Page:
Time and again, Endgame makes the point that family matters, whether that means biological ties — as Iron Man, Hawkeye, Ant Man, and Thor have experienced — or those bound by duty. The final takeaway from this decade-long journey is that heroism isn’t defined by bravery or super-abilities, but by what one gives up for the greater good. Among the many frustrations of the Snap was that it robbed so many great characters — and gazillions of anonymous creatures throughout the galaxy — of proactively making that choice. Endgame isn’t exactly a do-over, but it builds to an infinitely more satisfying conclusion.
[I]f you enjoyed Infinity War because you are invested enough in these characters — and to their credit, these really are characters and not just pieces on a gameboard — to have enjoyed the interplay between people we never thought we’d see together, you’ll find that same delight here in reunions and partings, betrayals and sacrifices. There’s more than a whiff of World War II cinema here, with brave soldiers (of both genders) giving of themselves for the greater good alongside the sweethearts who will mourn them.
Endgame is tragic and uplifting, rousing and grounding, while leaving minds racing and making everybody cry (even the toughest guys). Marvel movies have managed to find endearing, crowd-pleasing magic amid these fun and flawed comic-book characters in the past decade, and Endgame pays off all that goodwill by letting them do what they do best on the biggest stage yet.
The biggest question the film leaves open is whether the Avengers — as a name brand in the Marvel Universe — should continue after this barnstorming ending. The Marvel experiment continues apace, with many (mostly untitled) new editions on the docket, and Endgame will make more than enough money to justify them. But it’s hard to know if the series will ever be able to replicate the peculiar magic of this movie’s finale, which had me realizing with a jolt, over and over again, how much I cared about the lives of these loud, wisecracking, CGI-bedazzled champions ... All I know is that Thanos’ demand for a dramatic ending in Infinity War pays off here in all the right ways. The Avengers, as a concept, probably won’t be going anywhere, but Endgame still feels like a proper goodbye.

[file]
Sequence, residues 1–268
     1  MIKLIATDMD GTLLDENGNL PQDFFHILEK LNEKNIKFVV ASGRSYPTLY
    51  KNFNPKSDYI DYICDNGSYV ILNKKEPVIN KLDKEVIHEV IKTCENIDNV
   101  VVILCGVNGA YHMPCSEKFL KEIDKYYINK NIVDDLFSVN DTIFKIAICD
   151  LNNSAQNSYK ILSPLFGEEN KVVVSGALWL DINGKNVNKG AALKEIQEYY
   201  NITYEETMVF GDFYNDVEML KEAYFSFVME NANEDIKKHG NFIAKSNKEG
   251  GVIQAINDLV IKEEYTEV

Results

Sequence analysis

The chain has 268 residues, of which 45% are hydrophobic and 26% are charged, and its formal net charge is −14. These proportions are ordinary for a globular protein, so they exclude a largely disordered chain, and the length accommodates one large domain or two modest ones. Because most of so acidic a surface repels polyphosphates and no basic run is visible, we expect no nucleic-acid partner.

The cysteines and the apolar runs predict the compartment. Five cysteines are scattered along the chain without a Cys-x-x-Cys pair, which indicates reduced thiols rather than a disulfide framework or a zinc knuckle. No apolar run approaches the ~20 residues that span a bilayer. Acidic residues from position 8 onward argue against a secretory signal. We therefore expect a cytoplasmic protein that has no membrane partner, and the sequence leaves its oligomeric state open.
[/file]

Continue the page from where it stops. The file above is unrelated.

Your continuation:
Avengers: Endgame is everything you’ve ever dreamed a Marvel movie could be. It’s a three-hour adrenaline shot to the heart featuring mysteries solved, consequences suffered, shock, awe, and delight. Some scenes have a scope so huge, the mind reels to comprehend what you’re watching. Others are so poignant and small, you’ll hear the sniffles echoing in the theater. The film’s unrelenting bombardment of story and visual effects are sometimes so dense they edge toward baffling, but they also help gloss over a smattering of problems, which were inevitable with such grandiose goals. Endgame was never going to be perfect. But it comes damn close and, at times, rises to a state of near transcendence.